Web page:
As a healthcare clinician (psychologist), researcher and health IT inventor/developer who has been focused on such issues for 30 years, the ONC goals, in general, are acceptable to me. Assuming, however, that providing ever more cost-effective (i.e., high-value) care to the patient/consumer is—or at least it should be—the overarching objective of the ONC strategy, then the following issues ought to be clearly addressed, imo.
One issue is the need for clinicians to collaborate with researchers and IT technicians via loosely coupled social networks (that cross professional, regional and organizational boundaries). The clinicians should primary care physicians and specialists across all settings, from in solo practice to large hospitals and integrated care organizations. They should deliver all types of healthcare, including conventional and CAM “sick care,” as well as “well care” (focused on prevention, health optimization and self-maintenance). These diverse groups of professionals would represent a “whole-person integrated care” approach that addresses biomedical, psychological and mind-body (biopsychosocial) factors/problems/conditions.
The clinicians in these collaborative networks would do two important things:
1) They would use health IT tools that build a research data warehouse with process and outcomes data, as well as lessons learned. This information exchange must be done securely and protect patient privacy.
2) They would also share and discuss ideas to guide the evolution of health IT by, for example, defining:
- Information models that depict what need to know and how they need the information presented;
- Where the information comes from (e.g., input by the clinician/office staff or received directly from the patient via a PHR);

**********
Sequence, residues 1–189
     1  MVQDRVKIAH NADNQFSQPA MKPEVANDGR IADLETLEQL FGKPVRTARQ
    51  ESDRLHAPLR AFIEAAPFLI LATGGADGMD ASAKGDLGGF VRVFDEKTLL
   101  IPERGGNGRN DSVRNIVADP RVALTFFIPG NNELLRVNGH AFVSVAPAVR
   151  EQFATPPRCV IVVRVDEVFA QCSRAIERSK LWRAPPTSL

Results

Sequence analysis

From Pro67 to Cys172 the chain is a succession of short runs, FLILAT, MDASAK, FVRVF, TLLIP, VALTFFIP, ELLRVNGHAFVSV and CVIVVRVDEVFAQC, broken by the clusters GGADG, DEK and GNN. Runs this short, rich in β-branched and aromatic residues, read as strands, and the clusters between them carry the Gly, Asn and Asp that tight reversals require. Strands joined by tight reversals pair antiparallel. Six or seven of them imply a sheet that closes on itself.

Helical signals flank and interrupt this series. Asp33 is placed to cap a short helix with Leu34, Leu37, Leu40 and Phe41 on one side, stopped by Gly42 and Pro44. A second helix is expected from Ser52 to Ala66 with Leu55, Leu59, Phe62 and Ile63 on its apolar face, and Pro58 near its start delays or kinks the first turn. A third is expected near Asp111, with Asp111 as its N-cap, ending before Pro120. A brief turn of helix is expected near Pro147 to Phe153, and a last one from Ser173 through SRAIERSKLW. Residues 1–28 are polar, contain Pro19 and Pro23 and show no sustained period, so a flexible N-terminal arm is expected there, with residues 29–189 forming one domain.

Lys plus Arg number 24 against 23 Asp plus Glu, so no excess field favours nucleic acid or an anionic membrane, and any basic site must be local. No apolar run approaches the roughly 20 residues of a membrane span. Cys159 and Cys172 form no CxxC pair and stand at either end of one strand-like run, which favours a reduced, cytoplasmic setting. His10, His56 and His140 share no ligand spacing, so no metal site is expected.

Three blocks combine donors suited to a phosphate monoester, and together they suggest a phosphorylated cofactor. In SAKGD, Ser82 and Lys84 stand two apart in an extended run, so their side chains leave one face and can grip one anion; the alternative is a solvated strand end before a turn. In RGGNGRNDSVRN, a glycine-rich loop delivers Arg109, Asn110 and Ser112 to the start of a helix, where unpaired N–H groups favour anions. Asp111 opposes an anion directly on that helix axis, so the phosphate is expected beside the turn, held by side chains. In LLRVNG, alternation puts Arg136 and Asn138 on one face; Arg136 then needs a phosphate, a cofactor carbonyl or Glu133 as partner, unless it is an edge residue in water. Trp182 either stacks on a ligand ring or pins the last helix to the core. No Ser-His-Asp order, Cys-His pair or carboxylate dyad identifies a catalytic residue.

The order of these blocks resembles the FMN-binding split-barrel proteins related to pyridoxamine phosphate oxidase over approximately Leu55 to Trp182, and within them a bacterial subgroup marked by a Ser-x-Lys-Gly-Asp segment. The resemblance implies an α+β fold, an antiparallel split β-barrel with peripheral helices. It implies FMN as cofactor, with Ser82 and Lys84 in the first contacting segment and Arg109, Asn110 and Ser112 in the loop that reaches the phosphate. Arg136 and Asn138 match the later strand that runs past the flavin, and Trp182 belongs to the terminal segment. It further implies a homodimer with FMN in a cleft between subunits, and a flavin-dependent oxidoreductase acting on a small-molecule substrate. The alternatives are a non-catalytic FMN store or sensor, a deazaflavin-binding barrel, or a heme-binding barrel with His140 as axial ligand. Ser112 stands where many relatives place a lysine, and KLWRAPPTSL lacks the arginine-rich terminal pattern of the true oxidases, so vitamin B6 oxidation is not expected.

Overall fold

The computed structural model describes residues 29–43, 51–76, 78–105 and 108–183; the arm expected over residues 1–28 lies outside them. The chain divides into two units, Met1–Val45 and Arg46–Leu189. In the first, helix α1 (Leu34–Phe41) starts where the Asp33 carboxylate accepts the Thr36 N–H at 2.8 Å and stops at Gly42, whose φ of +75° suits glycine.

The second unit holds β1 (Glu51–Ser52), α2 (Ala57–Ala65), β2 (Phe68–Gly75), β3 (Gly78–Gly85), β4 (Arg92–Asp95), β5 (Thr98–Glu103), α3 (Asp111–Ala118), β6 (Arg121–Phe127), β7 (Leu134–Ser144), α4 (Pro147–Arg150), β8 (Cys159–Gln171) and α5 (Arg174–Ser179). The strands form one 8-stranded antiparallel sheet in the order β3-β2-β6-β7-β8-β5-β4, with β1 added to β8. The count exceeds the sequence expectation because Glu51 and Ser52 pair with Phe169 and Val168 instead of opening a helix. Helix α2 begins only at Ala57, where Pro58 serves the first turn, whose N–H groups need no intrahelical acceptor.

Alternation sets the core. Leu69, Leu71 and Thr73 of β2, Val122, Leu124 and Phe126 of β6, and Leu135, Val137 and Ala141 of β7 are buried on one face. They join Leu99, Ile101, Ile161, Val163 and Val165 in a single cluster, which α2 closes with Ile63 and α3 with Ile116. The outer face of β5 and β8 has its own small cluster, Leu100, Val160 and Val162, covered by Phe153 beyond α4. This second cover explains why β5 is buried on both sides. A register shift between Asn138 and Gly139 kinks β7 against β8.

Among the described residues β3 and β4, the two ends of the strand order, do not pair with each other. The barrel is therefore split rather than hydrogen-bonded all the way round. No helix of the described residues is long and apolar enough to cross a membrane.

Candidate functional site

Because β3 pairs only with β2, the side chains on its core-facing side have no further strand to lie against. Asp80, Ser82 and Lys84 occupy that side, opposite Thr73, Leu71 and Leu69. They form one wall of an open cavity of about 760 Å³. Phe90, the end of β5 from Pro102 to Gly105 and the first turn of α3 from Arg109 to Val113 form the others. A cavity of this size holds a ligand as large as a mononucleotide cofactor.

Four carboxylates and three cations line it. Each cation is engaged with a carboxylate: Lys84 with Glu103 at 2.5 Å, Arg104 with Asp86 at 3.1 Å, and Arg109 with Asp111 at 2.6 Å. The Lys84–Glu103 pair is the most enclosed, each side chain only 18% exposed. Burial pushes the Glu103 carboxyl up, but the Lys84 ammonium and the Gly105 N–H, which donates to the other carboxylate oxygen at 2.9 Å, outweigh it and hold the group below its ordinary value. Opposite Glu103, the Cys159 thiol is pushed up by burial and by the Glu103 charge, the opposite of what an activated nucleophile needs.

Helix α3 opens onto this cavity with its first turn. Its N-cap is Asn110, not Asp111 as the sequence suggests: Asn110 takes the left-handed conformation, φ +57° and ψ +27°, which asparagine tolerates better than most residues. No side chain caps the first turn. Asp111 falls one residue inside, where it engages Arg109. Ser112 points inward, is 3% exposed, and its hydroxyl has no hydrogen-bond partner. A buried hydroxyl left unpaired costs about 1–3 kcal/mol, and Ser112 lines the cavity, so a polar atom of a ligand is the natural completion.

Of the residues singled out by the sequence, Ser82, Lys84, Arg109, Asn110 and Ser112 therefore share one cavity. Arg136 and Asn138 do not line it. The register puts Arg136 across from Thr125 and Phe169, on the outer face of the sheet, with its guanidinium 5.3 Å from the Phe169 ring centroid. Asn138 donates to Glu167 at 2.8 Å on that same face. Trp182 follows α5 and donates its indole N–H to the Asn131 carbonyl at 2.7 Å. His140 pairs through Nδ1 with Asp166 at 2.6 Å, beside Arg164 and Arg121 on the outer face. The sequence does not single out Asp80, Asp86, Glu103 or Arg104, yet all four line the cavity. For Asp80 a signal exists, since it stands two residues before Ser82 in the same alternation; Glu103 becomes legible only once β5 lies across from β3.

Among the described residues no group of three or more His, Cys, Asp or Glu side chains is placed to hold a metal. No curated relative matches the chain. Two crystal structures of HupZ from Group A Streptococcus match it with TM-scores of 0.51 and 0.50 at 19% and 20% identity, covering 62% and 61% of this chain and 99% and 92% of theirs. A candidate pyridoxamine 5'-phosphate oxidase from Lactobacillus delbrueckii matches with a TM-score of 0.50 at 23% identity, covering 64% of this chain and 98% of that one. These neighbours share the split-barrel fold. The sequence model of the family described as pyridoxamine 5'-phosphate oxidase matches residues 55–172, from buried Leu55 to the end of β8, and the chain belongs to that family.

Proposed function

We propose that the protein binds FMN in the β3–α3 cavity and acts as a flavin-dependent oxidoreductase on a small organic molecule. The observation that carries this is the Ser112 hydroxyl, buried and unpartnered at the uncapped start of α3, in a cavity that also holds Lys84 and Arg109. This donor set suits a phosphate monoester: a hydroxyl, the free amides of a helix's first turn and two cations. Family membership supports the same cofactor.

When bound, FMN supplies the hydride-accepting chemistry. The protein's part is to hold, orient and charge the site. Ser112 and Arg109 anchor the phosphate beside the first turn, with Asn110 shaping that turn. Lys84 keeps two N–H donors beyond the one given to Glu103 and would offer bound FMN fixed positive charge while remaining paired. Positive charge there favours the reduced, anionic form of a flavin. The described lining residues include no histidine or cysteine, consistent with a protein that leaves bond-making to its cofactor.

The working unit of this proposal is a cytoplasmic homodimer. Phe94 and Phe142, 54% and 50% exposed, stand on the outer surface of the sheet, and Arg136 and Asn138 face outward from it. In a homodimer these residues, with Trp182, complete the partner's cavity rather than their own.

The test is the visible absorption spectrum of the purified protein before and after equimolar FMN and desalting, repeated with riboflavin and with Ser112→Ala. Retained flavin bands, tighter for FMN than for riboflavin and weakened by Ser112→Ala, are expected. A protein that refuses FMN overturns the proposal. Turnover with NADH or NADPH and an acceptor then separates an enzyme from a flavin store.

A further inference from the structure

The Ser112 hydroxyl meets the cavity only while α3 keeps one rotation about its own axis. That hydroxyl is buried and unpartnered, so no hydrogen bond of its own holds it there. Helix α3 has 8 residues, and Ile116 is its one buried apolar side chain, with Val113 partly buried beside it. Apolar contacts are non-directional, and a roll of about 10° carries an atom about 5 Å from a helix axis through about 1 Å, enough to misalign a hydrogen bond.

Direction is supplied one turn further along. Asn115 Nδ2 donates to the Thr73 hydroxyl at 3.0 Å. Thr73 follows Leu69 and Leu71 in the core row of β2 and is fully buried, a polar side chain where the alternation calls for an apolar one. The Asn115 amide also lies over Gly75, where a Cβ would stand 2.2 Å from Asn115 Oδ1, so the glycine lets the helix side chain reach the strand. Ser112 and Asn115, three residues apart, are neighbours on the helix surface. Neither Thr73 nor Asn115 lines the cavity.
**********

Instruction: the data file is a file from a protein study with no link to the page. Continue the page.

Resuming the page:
- Ways to use the IT tools so they fit it into clinical workflows; and
- The kind of decision support they would want to receive (such as “patient-centered cognitive support,” [Reference].
The researchers and clinicians would then collaborate to transform the results into patient-specific recommendation in the form of preferred practice guidelines, protocols and clinical pathways. These recommendations ought to go beyond comparative effectiveness and focus on cost effectiveness [Reference].
The IT technicians would incorporate these recommendations into clinical decision support systems (CDSSs).When clinicians vary from these evidence-based recommendations, a CDSS should (a) enable clinicians to justify why they was such variance, (b) track what was done instead and (c) determine how varying from particular recommendations affects outcomes and costs.
A second issue is the need for lifetime whole-person health records that use of different models to adapt clinical terminologies, data sets, analytics/rules, data input forms, reports/views and user interface to a clinician’s particular requirements. There should also be a way for patients to input data to, and receive relevant data from, their providers’ EHRs.
Finally, a third issue is the need for tools and policies that support “new models of care, such as patient centered medical homes and accountable care organizations, [which] must emphasize value-driving elements of advanced primary care -- enhanced access, better care coordination, use of health information technology to support care transformation, and payment models that reward coordinated care” [Reference]. This means, in part, changing the payment model to one that incentivizes clinicians who focus on delivering high value (cost-effective) care to their patients by paying more to clinicians who take the time to use EHRs, CDDS, participate in the social networks discussed above, and focus on demonstrating continuous improvement in both quality and efficiency.